In the enthusiast arena though, we aren't so much power restrained. We don't run off batteries, and can use big heatsinks and plenty of airflow. But that doesn't mean power isn't a big deal: the less power the chip uses, in general, the higher we can crank up the clock. Ivy Bridge wasn't all that much faster, clock-wise, than Sandy, and was a much less aggressive overclocker. Maybe we'll see that change with Haswell - higher stock clocks, more agressive Turbo Boost, and potentially better overclock potential.

    Will Haswell totally and radically redefine the personal computer, to the point that current Ivy Bridge (or even your Yorkfield) are totally irrelevent? No, probably not. I would guess ~15-20%ish stock performance increase over Ivy (that has been the general trend in new CPU releases in the last few generations). Your Yorkfield will continue to perform fairly well, but I can understand the itch to upgrade.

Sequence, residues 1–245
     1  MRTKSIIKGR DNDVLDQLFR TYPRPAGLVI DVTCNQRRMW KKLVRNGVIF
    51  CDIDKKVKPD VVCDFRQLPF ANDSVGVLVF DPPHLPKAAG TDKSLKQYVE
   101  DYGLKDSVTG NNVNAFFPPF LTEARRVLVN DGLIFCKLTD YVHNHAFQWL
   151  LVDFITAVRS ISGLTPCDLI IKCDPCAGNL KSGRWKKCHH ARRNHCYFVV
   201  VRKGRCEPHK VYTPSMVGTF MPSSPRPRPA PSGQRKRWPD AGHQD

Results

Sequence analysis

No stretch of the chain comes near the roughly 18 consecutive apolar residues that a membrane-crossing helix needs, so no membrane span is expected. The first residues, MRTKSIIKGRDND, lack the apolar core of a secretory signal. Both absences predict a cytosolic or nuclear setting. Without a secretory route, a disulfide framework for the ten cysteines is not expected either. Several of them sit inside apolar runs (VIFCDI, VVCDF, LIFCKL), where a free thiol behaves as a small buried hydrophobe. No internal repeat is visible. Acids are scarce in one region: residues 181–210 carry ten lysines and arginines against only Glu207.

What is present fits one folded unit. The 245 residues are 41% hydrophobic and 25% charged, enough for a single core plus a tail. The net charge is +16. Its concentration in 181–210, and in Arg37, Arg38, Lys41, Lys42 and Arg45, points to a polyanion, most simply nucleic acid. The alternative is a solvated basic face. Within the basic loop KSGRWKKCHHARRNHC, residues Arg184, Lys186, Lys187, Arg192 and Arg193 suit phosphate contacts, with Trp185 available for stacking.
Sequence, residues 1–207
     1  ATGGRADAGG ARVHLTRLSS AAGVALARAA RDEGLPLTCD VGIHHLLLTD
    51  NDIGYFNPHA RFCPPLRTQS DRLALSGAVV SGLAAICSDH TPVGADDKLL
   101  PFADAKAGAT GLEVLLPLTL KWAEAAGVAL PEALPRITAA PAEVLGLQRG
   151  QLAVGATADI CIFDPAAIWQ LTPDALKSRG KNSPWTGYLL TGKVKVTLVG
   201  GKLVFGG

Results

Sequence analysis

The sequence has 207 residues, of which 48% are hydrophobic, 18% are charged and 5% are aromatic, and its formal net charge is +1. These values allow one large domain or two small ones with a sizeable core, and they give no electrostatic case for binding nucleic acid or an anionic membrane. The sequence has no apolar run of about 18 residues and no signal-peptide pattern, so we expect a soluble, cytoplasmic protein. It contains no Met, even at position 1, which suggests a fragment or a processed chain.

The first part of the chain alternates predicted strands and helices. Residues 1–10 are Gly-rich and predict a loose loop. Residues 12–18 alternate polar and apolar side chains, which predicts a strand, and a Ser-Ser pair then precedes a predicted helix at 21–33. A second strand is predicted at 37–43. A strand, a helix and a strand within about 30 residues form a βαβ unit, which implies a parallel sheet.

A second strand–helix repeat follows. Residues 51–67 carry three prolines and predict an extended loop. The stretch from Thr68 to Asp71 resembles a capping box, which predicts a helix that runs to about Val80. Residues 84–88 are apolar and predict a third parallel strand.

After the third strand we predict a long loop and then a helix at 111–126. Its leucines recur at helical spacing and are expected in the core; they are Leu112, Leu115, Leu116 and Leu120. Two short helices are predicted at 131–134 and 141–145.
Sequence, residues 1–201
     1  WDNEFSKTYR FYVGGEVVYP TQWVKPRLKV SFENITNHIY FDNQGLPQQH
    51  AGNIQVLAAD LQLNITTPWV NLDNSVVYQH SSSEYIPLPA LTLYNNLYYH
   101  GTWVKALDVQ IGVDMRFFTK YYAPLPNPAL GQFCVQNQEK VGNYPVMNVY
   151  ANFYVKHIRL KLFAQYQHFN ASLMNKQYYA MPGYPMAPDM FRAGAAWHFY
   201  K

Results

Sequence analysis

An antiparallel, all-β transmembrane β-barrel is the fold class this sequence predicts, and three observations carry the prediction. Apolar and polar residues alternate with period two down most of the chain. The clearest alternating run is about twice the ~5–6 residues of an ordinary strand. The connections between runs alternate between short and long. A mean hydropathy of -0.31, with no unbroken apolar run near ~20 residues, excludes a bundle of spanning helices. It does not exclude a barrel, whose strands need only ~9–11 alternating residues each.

Haswell is due Q1 2013, but that's very much up in the air, and I couldn't say it would necessarily be worth waiting for, but at the same time, I can't necessarily say that it's worth a whole lot to upgrade your C2Q Yorkfield either. If you've got the itch, then I suppose it would more depend on you.

    This page from Anand talks about probably the most significant changes to the Haswell architecture.

    http://www.anandtech.com/show/6355/intels-haswell-architecture/7

  • QuizzicalQuizzical Member LegendaryPosts: 22,129

    My advice would be, just get something now.  The only important thing coming in the next several months is next week's Vishera, and that's only of interest to people who can't afford Ivy Bridge.